>>>> ls -l /etc/init/d
>>>> The systemd way:
>>>> ls -l /lib/systemd/system/*.service /etc/systemd/system/*.service
>>>> This seems WAY harder and I have to remember 2 locations instead of 1.
>>> There is:
>>> systemctl list-unit-files
>>> It lists all the units installed on your system. In systemd a unit is
>>> a configuration file that can describe a service, a mount point, a
>>> device,... So a service is a subtype of unit, see "man 5 systemd.unit"
>>> for more information.
>>> So if you want to only display the services, you just have to specify the
>>> type
>>> systemctl list-unit-files --type=service
>> Ok, so that is a lot more to remember than ls -l /etc/init.d, but I can
>> learn it.
>>>> #####
>>>> 3. List all services and their start levels:
>>> In systemd world, start levels equivalent are the targets (see man 5
>>> systemd.target). A target is a synchronisation point between multiple
>>> units. For example, there is sysinit.target which is the
>>> synchronization point for early boot services. This way a unit can ask
>>> to be started only after a specific target, for example.
>>>> The init way (all services):
>>>> chkconfig --list
>>>> The init way (only active services. I use this a lot):
>>>> chkconfig --list | grep :on
>>>> The systemd way (all services):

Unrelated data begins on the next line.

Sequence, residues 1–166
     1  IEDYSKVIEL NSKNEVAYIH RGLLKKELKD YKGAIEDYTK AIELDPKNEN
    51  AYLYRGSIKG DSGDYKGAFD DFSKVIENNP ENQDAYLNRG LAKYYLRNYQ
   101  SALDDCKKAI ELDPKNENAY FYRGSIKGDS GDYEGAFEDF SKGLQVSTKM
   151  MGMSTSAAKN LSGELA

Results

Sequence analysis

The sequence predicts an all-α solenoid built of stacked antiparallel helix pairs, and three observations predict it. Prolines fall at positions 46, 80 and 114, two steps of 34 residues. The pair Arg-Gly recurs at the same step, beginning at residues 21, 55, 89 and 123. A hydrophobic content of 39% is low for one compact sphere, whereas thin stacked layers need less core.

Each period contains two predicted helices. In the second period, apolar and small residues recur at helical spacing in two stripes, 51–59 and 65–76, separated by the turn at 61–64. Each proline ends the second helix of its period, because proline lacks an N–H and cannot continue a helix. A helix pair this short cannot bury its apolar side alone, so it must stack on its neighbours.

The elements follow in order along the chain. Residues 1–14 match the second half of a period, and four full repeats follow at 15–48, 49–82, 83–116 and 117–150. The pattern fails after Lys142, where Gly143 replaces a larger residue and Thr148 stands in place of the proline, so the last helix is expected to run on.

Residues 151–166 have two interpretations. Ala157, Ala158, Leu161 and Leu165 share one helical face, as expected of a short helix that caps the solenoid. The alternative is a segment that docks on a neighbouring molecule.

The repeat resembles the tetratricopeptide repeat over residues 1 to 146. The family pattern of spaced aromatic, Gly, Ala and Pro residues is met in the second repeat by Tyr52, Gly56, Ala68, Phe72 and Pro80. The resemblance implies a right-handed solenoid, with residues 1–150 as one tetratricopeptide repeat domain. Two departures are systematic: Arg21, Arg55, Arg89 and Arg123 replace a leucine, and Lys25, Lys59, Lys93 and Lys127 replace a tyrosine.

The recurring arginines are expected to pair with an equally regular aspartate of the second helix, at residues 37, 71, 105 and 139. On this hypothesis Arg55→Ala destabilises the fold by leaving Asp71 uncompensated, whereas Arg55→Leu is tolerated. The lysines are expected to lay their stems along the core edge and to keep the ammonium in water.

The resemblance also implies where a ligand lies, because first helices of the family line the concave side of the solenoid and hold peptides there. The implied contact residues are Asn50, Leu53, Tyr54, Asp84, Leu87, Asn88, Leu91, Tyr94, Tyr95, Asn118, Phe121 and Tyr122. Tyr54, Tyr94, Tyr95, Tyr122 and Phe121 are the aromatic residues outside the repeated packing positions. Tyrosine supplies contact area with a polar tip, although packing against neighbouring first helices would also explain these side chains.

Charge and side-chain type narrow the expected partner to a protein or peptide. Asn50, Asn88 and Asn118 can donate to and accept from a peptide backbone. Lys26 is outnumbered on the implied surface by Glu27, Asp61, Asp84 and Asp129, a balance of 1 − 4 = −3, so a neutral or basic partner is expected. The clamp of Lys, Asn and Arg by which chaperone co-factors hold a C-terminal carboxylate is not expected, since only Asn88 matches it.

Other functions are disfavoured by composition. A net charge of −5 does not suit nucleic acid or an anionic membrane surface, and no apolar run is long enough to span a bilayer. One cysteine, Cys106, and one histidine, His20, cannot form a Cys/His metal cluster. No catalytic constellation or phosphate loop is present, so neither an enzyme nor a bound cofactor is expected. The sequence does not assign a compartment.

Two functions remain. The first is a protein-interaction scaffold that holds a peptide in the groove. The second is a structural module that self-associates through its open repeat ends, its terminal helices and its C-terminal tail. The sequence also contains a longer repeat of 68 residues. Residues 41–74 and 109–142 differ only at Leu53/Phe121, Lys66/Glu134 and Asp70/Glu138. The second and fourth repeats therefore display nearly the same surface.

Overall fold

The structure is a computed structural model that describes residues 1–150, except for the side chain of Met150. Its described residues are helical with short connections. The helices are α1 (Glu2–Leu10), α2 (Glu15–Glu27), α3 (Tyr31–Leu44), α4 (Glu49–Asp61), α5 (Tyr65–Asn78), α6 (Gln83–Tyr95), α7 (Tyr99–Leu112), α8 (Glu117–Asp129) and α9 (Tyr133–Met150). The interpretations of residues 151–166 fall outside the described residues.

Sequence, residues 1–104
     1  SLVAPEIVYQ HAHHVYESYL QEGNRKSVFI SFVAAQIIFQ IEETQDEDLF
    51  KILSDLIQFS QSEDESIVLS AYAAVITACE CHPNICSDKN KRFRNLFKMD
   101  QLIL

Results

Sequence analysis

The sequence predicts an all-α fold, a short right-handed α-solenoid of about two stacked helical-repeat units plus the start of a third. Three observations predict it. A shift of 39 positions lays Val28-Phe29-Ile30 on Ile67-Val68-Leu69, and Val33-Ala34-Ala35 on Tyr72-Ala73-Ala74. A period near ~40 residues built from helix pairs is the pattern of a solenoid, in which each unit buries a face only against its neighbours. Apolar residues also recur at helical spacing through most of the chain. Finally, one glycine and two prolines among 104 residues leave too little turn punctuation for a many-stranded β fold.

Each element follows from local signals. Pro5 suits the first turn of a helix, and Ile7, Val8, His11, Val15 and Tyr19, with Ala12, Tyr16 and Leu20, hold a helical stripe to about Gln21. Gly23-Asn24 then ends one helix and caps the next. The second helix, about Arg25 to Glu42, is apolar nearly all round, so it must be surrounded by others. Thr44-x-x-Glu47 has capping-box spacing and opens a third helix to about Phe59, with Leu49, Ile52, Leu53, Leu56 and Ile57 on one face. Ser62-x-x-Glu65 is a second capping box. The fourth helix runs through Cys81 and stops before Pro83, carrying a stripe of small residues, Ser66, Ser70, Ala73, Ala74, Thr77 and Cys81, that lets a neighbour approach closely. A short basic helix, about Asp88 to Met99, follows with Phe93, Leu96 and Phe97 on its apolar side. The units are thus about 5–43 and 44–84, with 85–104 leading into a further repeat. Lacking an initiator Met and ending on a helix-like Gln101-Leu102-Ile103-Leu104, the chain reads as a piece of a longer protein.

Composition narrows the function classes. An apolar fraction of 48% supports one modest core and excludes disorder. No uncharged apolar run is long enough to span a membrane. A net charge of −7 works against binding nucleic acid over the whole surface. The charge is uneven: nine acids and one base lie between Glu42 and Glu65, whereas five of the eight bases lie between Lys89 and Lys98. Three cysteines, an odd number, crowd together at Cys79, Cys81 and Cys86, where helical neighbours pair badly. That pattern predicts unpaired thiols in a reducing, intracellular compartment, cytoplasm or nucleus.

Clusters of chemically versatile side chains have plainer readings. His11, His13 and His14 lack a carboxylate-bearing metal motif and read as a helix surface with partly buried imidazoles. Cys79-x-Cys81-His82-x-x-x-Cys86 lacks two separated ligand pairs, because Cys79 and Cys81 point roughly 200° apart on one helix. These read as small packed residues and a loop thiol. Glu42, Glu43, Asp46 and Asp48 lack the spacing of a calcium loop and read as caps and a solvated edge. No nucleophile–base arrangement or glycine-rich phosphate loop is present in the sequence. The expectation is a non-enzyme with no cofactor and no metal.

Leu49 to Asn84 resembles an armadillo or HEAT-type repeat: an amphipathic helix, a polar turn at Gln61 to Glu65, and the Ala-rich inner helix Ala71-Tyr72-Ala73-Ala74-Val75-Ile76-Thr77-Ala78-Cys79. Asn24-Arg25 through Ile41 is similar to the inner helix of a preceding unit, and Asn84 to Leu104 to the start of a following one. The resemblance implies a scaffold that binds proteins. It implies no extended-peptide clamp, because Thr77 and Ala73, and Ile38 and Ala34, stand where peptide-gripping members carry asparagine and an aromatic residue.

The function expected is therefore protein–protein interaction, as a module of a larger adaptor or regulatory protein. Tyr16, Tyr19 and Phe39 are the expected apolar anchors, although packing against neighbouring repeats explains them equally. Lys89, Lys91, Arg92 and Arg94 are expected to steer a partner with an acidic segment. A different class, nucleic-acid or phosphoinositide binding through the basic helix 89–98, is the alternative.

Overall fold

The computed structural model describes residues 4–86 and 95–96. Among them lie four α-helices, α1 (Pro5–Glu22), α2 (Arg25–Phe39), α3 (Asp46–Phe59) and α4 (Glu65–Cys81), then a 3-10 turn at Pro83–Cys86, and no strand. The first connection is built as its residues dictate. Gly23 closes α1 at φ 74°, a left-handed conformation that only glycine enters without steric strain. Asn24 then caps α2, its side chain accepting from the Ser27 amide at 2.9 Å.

>>>> systemctl list-unit-files --type=service
>>>> The systemd way (only active services, I don't know how to do this).
>>>> systemctl ???
>>> With systemctl you can provide a filter according to the current state
>>> of a unit. If you want to list all the active service, you can do:
>>> systemctl --state=active --type=service list-units
>> Ok, again more to type and remember, but memorization is not out of the
>> question.
>>>> #####
>>>> 4. What about the many programs that rely on /etc/init.d/<service>
>>>> status/start/stop/restart
>>>> I have many services that are monitored by nagios or cron jobs (like
>>>> logrotate) that rely on /etc/init.d/<service> status/start/stop/restart.
>>>> I don't want to change them because right now they work on every server
>>>> and
>>>> I don't want to have to maintain 2 versions of the code or hunt them all
>>>> down.
>>> There is systemd-sysv-generator which creates wrapper .service for
>>> sysv scripts automatically at boot. But you need to specify additional
>>> headers if you want to use ordering. See man systemd-sysv-generator.
>> That is what I am looking for (systemd-sysv-generator), but does that mean
>> systemd will not use the .service files and the system will go back to